Christians and Politics

An earlier article looked generally and briefly at three different theological worldviews in relation to the political domain: this follow-on article looks at the outworking.


Christians and PoliticsIntroduction

The previous article outlined three of the main Christian attitudes to political engagement:

Non engagement (My Kingdom is not of this world)

Indirect engagement (Come let us reason together)

Direct engagement (Obey  my commandments)

Regarding the above, one respondent stated:


“I struggle to place myself in one of the three categories with any accuracy.”

The remark is one with which many will identify.

Outline of three positions

The ‘indirect’ and ‘direct’ models are mostly post-millennial i.e. teaching a particular ‘church age’ (which may or may not be 1000years) prior to Jesus’ return1. These two postures however differ in how they see the church engaging with the world.

The ‘indirect’ approach would place its main emphasis on inter-action with the world’s socio-political organisations and systems; with the view that the latter will ultimately accept that the Christian way as being the superior social model. It is believed that communities will be ‘redeemed’ through both the acceptance by secular leaders of Christian principles and the impact of believers who have attained positions of influence (in politics, civic offices and public bodies). Loving persuasion is the ethos.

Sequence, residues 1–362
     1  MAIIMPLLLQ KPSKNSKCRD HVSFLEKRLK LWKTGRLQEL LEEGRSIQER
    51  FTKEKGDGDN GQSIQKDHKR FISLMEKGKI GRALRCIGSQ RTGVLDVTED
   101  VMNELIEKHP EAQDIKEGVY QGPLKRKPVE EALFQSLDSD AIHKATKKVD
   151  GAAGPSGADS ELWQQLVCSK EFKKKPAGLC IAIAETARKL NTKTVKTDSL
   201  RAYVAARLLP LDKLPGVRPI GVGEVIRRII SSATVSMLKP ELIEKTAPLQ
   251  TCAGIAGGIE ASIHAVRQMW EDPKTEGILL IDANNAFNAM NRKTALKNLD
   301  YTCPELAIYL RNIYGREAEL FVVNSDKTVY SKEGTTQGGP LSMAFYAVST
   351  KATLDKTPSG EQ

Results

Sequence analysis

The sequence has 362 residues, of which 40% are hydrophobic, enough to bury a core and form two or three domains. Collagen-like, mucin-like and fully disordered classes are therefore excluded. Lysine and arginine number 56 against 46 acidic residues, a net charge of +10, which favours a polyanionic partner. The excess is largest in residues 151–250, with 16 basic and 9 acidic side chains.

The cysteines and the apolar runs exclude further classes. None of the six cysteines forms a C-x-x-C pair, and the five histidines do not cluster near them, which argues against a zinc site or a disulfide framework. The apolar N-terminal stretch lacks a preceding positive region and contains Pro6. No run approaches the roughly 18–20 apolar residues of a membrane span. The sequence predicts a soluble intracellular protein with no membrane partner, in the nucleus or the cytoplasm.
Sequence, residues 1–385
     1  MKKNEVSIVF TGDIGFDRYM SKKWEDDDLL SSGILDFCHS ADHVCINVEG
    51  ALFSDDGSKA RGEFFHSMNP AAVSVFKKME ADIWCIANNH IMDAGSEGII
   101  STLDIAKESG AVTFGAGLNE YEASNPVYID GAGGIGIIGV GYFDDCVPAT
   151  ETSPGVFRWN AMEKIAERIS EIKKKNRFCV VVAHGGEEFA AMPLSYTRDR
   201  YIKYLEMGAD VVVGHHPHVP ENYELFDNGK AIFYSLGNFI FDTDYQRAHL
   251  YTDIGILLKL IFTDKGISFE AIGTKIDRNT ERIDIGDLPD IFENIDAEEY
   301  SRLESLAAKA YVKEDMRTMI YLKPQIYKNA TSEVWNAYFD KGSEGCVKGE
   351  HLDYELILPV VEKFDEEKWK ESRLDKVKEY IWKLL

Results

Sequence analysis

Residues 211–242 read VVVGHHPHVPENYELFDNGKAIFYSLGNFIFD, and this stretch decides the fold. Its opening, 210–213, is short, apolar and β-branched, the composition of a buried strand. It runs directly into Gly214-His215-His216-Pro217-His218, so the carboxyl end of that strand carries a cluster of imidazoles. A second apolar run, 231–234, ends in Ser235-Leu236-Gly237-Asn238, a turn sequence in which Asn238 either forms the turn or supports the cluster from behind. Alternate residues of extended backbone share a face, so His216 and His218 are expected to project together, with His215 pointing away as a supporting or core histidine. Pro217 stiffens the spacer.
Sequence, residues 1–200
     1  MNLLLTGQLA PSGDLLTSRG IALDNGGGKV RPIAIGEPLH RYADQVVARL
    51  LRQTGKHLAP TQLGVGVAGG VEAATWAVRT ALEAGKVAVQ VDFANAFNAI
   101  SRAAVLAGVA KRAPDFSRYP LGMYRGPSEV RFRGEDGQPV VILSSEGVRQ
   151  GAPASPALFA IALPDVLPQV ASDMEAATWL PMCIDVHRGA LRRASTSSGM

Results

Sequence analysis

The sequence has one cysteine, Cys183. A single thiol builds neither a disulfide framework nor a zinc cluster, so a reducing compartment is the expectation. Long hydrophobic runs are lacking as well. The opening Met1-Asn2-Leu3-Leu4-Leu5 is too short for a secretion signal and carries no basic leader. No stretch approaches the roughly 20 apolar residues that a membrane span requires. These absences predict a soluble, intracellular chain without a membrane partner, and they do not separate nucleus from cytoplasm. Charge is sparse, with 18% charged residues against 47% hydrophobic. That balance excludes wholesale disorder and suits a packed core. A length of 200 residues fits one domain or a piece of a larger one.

However, the ‘direct’ engagement position would have the state and the offices of state bound to encourage and even enforce through legislation, the commandments of God. It would be an obligation on the state to support the church in what is commonly called the establishment model of church/state relationships. Society would be run on Christian lines in accordance with Augustinian/Calvinist ‘City of God’ philosophy.

Meanwhile, the non-engagement model is Dispensationalist, believing that the period between Christ’s ascension and His return is the ‘church age’ in which the sole purpose of the believers is to evangelise the world. Social action and political engagement are meaningless distractions.

Analysis of theologies


Whatever elements of biblical teaching these three models might use to justify their respective positions, the ‘direct engagement’ model is the one with the least biblical support.
There is no way in which a secular state can be expected to be a loyal and obedient supporter of the institutional church, far less the body of Christ; and the recent and worldwide push towards the acceptance of homosexuality as a valid lifestyle is a classic example and outworking of this flawed thinking.
In a similar fashion the two World Wars and the continuing global conflicts since disprove the ‘golden end-time age’ which is posited by post-millennial theology (whether of the Calvinist or Charismatic variety). A secular state will never be inclined towards accepting a role which is subservient to the church. (This is illustrated in countless revolutions and most recently in the constitution of the European Union. )
Neither is there any way in which the Bible teaches that mankind's problem (sin) can or should be overcome through political action.

With regard to the (generally) new-church/charismatic 'indirect engagement' view that societies can be ‘redeemed’, this sidelines and – in the worst cases – denies God’s redemptive plan of personal and individual salvation through Jesus Christ2.